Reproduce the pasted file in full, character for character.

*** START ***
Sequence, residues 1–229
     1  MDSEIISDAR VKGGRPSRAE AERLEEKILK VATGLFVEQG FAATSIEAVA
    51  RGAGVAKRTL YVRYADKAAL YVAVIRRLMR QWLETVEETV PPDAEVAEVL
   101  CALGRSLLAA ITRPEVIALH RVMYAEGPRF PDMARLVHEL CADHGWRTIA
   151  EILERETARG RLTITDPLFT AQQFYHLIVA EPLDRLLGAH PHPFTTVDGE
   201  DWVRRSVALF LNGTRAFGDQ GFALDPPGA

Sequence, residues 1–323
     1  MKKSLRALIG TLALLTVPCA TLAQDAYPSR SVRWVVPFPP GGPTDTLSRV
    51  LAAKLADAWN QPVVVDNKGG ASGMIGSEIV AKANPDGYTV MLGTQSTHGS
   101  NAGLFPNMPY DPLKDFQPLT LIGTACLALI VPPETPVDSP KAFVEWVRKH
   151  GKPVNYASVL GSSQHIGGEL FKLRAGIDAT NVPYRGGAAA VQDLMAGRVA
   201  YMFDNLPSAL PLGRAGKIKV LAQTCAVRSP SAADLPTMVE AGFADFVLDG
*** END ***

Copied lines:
Sequence, residues 1–229
     1  MDSEIISDAR VKGGRPSRAE AERLEEKILK VATGLFVEQG FAATSIEAVA
    51  RGAGVAKRTL YVRYADKAAL YVAVIRRLMR QWLETVEETV PPDAEVAEVL
   101  CALGRSLLAA ITRPEVIALH RVMYAEGPRF PDMARLVHEL CADHGWRTIA
   151  EILERETARG RLTITDPLFT AQQFYHLIVA EPLDRLLGAH PHPFTTVDGE
   201  DWVRRSVALF LNGTRAFGDQ GFALDPPGA

Sequence, residues 1–323
     1  MKKSLRALIG TLALLTVPCA TLAQDAYPSR SVRWVVPFPP GGPTDTLSRV
    51  LAAKLADAWN QPVVVDNKGG ASGMIGSEIV AKANPDGYTV MLGTQSTHGS
   101  NAGLFPNMPY DPLKDFQPLT LIGTACLALI VPPETPVDSP KAFVEWVRKH
   151  GKPVNYASVL GSSQHIGGEL FKLRAGIDAT NVPYRGGAAA VQDLMAGRVA
   201  YMFDNLPSAL PLGRAGKIKV LAQTCAVRSP SAADLPTMVE AGFADFVLDG